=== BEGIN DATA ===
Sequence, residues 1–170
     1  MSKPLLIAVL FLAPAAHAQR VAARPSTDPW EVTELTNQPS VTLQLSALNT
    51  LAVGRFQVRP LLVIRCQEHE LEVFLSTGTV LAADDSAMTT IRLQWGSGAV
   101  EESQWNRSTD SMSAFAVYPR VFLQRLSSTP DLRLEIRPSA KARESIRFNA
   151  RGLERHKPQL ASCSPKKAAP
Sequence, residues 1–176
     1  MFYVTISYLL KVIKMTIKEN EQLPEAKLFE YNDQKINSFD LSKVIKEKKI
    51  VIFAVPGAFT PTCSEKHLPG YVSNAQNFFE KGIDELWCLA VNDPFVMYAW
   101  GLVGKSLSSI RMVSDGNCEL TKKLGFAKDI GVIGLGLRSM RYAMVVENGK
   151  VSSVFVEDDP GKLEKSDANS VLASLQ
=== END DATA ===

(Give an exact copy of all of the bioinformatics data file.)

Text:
Sequence, residues 1–170
     1  MSKPLLIAVL FLAPAAHAQR VAARPSTDPW EVTELTNQPS VTLQLSALNT
    51  LAVGRFQVRP LLVIRCQEHE LEVFLSTGTV LAADDSAMTT IRLQWGSGAV
   101  EESQWNRSTD SMSAFAVYPR VFLQRLSSTP DLRLEIRPSA KARESIRFNA
   151  RGLERHKPQL ASCSPKKAAP
Sequence, residues 1–176
     1  MFYVTISYLL KVIKMTIKEN EQLPEAKLFE YNDQKINSFD LSKVIKEKKI
    51  VIFAVPGAFT PTCSEKHLPG YVSNAQNFFE KGIDELWCLA VNDPFVMYAW
   101  GLVGKSLSSI RMVSDGNCEL TKKLGFAKDI GVIGLGLRSM RYAMVVENGK
   151  VSSVFVEDDP GKLEKSDANS VLASLQ